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4 Airport Rights You Should Know About
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January 4, 2020
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Travel Trivia Editorial
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There's a lot more to air travel than booking a flight, boarding the plane, and settling in for the journey. For many of us, getting through airport security is more taxing than the dentist. We're hemmed in by restrictions, even down to the size of the shampoo bottle we're allowed to bring on board. Amidst the stringent levels of security, it's easy to forget that we passengers have rights. Here are four you may not realize.

The Right to Data Privacy

A couple using cell phones in an airport lounge
Credit: iStock/ izusek

So much of our modern lives revolve around devices and digital screens. Our phones, tablets, and laptops contain photos, emails, and files pertaining to our personal and professional lives. Imagine someone going through all that data: it would be the equivalent of that person performing a thorough search of your closets and personal spaces. Fortunately, recent laws place limits on the circumstances in which airport security can access your data.

A recent court decision in Massachusetts ruled that it's unconstitutional for CBP (Customs and Border Protection) officials to search your electronic devices without reasonable suspicion of criminal activity. This is similar to restrictions placed on police officers who search your vehicle or home without a warrant.

Keep in mind, however, that this ruling applies only to CBP, which processes foreign travelers entering the United States and American citizens returning from abroad. It doesn't apply to the TSA (Transportation Security Administration), which screens passengers before they get on flights (both domestic and international).

Still, when it comes to your mobile device, you're protected. TSA officials will only ask you to place your electronic devices in bins. Those devices will then be scanned to determine whether they are triggers for explosive devices.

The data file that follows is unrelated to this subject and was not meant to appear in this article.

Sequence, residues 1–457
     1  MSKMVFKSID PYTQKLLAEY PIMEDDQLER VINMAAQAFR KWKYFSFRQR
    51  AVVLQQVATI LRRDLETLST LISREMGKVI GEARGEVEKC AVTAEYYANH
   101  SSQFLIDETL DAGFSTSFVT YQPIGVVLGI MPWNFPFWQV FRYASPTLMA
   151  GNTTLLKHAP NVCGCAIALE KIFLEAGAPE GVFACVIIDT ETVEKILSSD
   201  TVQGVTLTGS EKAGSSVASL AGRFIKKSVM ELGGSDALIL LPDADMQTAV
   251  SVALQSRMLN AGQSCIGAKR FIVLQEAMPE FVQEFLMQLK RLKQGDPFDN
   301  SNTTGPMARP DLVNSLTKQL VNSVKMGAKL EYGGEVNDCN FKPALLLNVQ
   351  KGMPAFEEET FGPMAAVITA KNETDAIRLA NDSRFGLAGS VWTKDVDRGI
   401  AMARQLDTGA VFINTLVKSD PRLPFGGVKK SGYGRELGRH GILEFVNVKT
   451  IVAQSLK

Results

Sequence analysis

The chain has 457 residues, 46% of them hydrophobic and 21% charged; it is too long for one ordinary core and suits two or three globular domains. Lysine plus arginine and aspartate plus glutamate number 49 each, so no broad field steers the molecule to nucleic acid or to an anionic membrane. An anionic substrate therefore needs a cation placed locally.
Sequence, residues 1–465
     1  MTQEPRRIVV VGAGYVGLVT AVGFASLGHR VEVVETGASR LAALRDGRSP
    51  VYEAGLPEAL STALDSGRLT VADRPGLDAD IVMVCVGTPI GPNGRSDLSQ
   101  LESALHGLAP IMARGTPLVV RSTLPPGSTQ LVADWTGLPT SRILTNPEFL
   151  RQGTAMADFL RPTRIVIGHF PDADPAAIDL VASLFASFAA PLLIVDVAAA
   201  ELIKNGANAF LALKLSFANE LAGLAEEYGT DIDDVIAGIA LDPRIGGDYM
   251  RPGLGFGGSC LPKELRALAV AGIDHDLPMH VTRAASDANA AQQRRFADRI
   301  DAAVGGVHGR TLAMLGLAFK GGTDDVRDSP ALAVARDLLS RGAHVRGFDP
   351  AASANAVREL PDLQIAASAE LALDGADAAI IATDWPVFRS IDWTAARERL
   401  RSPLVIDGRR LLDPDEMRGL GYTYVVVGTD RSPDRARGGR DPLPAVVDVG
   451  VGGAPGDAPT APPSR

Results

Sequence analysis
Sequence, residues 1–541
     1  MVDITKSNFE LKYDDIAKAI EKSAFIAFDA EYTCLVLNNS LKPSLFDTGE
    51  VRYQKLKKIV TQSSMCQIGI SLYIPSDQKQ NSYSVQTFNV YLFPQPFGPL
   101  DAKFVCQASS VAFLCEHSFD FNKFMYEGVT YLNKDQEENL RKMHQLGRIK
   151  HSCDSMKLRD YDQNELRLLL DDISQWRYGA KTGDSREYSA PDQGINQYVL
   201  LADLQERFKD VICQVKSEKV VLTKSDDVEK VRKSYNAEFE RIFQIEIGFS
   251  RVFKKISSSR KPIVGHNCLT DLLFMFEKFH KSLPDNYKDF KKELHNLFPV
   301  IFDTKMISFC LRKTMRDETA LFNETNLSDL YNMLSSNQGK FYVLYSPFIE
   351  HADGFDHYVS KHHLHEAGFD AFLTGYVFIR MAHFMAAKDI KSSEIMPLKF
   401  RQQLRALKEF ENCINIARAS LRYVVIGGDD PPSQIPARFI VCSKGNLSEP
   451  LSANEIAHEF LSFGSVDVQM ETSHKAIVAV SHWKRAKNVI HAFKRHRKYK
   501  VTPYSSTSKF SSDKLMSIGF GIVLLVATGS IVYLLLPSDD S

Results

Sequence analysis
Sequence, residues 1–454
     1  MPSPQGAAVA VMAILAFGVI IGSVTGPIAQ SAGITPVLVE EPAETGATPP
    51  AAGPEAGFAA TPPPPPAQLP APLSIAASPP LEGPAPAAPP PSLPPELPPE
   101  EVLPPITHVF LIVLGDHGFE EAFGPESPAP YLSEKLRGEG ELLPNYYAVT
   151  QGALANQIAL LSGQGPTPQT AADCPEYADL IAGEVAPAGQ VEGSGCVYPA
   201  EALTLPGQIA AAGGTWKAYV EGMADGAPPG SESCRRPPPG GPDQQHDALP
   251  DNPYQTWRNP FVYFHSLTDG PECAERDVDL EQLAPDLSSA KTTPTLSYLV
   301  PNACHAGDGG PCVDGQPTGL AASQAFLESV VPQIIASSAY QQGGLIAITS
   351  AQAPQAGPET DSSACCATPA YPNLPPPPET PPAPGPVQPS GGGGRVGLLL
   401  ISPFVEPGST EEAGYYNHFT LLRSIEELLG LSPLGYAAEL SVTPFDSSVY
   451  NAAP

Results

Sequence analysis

This process doesn't allow the TSA to access the data on your devices. According to Reuters, TSA officials don't, as a matter of policy, extract data from passenger phones.

The Right of Mothers to Receive Reasonable Accommodations When Nursing

A mother boarding a plane with her nursing baby
Credit: iStock/ lizalica

In 2018, the Friendly Airports for Mothers (FAM) Act was signed into law, as part of the FAA Re-authorization Act. This legislation requires all large and medium-sized airports to provide private and sanitary lactation rooms in every terminal. This act also requires airports to provide changing tables in both men's and women's restrooms. And, finally, breast milk is exempt from the maximum limits for carry-on liquids; this means nursing mothers can carry reasonable quantities of breast milk, formula, or juice through airport security.

The Right to Refuse Face Scans

A woman undergoing a face scan at an airport security checkpoint
Credit: iStock/ metamorworks

Facial recognition technology has advanced by leaps and bounds in recent years. Cameras are now connected to databases that help the TSA identify specific individuals, from passengers to law enforcement officials.

Not everyone, however, is comfortable with airports and government officials tracking their every move. There are certain dangers associated with facial recognition, such as hackers gaining access to all that data. Whatever your reasons for eschewing face scans, you do have the right to refuse them at the airport. In airports where biometrics are used, you still have the option to present paper or mobile documents in place of having your face scanned.

The Right to Receive Practical Accommodations at Airport Checkpoints

A male passenger going through airport security
Credit: Shutterstock/ Igor Karasi

You can't refuse a screening by a TSA agent when you go through airport security. There are, however, limits on how TSA officials can search you.

Typically, screenings are performed publicly, unless a passenger is singled out for a particular reason. That said, some passengers find it embarrassing to be screened in front of others. In that case, you have the right to request a "private screening" by someone of your gender in a private place. You can do the same if you worry about the health risks associated with electronic scanners.

In addition, the TSA can't demand that you remove items worn for religious reasons such as headscarves or burkas. Special equipment is used to accommodate such travelers. For example, Sikhs can opt to be screened at a special machine called a Puffer rather than remove their turbans.